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Week of action to tackle county lines drug dealing takes place in Hampshire

Hampshire Police have been taking part in a week of action against county lines drug dealing.

Officers in the county also made 48 arrests and safeguarded 28 people who were caught up in the dealing, that usually exploits children and vulnerable people.

Nearly £18,000 in cash, 39 phones and six knives were also seized.

Warrants were executed in Southampton, Portsmouth, Basingstoke, Aldershot, Andover and the Isle of Wight during the week.

Chief Inspector Mark Lynch led the operation:

“County Lines is a continuous threat to our communities, these drug dealers bring misery, fear and violence with them, they don’t care what damage they cause.

“These organised crime groups use county lines as a business model to prey on the most vulnerable and what we tend to see is that where there is county lines there is often an increase in violent crime as rival networks come into conflict.

“I’m very pleased with the significant results of how the operation went.”

“As well as targeting those involved in county lines crime, Hampshire Constabulary also sees educating potential victims as an important preventative measure.”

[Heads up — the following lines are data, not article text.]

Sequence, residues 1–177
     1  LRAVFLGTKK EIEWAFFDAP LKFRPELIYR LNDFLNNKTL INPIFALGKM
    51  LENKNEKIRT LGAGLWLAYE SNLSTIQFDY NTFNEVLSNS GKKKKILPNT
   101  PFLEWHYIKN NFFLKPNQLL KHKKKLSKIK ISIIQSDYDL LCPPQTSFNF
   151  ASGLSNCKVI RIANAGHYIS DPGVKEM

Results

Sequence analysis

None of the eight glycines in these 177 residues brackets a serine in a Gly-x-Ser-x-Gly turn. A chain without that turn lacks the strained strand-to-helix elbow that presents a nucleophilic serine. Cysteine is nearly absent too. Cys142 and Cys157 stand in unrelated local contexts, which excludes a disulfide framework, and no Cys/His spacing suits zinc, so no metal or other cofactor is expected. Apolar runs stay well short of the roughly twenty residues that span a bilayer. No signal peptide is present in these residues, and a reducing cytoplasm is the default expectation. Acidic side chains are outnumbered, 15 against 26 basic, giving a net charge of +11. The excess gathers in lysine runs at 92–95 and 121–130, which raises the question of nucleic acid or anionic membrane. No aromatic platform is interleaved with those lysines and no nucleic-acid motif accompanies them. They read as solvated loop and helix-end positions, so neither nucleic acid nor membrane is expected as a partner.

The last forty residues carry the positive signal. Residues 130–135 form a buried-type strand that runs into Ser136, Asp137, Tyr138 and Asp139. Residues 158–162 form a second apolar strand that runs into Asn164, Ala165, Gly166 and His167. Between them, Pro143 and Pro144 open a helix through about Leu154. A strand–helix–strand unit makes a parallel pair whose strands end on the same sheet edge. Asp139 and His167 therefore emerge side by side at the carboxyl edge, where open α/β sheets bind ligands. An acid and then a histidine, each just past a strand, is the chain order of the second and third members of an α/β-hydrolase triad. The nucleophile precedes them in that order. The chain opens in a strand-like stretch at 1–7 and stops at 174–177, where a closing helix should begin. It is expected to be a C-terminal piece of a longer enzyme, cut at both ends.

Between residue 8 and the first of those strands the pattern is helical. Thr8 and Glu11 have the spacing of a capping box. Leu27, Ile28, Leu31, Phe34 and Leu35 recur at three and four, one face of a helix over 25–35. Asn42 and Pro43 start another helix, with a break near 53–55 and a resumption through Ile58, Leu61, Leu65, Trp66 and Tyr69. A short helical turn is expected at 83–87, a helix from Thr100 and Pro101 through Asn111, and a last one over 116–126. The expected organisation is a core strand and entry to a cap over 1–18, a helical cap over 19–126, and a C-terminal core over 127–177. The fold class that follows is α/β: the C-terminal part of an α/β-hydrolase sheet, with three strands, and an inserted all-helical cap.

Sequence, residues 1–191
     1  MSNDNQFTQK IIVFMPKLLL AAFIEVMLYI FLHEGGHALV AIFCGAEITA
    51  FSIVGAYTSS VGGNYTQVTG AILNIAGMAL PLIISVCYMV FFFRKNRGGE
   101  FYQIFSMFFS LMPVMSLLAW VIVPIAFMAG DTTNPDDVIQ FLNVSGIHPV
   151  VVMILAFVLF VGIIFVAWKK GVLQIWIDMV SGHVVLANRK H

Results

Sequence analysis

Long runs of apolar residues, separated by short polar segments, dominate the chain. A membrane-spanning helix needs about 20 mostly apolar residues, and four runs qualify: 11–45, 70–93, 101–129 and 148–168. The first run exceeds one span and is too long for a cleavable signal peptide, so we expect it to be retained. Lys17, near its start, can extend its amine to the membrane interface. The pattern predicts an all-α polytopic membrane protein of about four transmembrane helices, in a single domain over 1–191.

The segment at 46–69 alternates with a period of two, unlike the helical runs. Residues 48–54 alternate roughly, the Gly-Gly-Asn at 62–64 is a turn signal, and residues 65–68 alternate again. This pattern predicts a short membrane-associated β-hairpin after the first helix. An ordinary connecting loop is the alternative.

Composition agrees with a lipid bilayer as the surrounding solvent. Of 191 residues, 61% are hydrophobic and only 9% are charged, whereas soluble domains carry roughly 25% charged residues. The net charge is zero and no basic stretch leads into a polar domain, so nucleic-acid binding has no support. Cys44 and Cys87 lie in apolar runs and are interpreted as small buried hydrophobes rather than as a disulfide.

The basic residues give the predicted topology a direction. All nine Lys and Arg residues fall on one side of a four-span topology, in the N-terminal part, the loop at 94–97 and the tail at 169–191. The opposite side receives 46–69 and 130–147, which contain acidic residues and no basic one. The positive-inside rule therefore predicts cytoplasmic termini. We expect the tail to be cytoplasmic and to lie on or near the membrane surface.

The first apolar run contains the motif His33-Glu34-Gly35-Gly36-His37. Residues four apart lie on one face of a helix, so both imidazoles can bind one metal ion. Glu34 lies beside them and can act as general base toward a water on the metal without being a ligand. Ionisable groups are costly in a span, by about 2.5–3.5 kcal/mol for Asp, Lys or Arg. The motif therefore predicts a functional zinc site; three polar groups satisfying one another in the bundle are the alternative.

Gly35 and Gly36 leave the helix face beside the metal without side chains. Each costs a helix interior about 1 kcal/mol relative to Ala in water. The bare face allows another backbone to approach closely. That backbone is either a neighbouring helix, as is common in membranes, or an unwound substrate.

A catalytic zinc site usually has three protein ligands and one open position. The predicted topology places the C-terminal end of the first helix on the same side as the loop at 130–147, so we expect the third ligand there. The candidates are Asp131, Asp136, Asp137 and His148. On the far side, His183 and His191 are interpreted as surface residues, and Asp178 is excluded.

Superintendent Matt Reeves, Tactical Lead for Drug Related Harm at Hampshire Constabulary, said:

“As a Force we recognise the risk, we work closely with other forces to tackle the complex and widespread issue of county lines and will use a powerful enforcement response to detect and deter criminality in our communities.

“We have taken action to disrupt and dismantle supply networks and alongside our partners we assisted those involved in the fringe of criminality due to their own vulnerability or dependence on drugs to find safety and help break the cycle.

“Much of our work isn’t overt, a lot involves safeguarding the most vulnerable in our society.

“We continue to work with our colleagues in education, social care, transport networks and charities among others to tackle this issue in collaboration.”  

“What is often overlooked when we talk about drug dealing networks is that there are genuine victims that get caught up in the county lines business.

“Hardened criminals who will deliberately target the most vulnerable and exploit them to carry out their illegal work.

“These are often young people and adults with mental health, addictions or unmanageable debt.”

55 year old Michael was a victim of cuckooing.

Police say his home was taken over by drug dealers from London in January. His experiences have left him in fearful and in debt:

“I still feel their presence now it was a terrible ordeal…

“They just turned up one day and said we want to do business from here.

“I said no and they just yes you are… and I knew what that meant. They said I’d get hurt and stuff like that, they pulled out their knives, it was horrible.

“I’ll always feel vulnerable it ain’t left my head I don’t know if it will leave my head.”

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